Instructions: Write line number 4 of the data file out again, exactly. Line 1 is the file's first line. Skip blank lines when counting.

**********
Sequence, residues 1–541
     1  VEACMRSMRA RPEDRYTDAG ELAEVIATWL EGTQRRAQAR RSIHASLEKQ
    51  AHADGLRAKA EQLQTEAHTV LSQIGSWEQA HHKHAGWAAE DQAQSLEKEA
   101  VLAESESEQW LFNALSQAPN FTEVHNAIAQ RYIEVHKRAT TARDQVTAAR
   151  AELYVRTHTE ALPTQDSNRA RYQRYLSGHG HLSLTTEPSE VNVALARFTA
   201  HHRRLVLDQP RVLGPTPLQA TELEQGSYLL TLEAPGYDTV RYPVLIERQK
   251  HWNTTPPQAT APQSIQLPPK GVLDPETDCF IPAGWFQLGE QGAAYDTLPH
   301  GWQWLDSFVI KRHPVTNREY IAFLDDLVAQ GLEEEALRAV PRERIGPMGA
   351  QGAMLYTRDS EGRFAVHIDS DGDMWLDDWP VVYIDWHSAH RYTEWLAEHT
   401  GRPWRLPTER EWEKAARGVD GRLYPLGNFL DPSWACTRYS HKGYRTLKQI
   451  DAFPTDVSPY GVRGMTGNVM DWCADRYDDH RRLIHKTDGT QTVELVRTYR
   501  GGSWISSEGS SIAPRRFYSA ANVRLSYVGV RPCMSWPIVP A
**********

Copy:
   101  VLAESESEQW LFNALSQAPN FTEVHNAIAQ RYIEVHKRAT TARDQVTAAR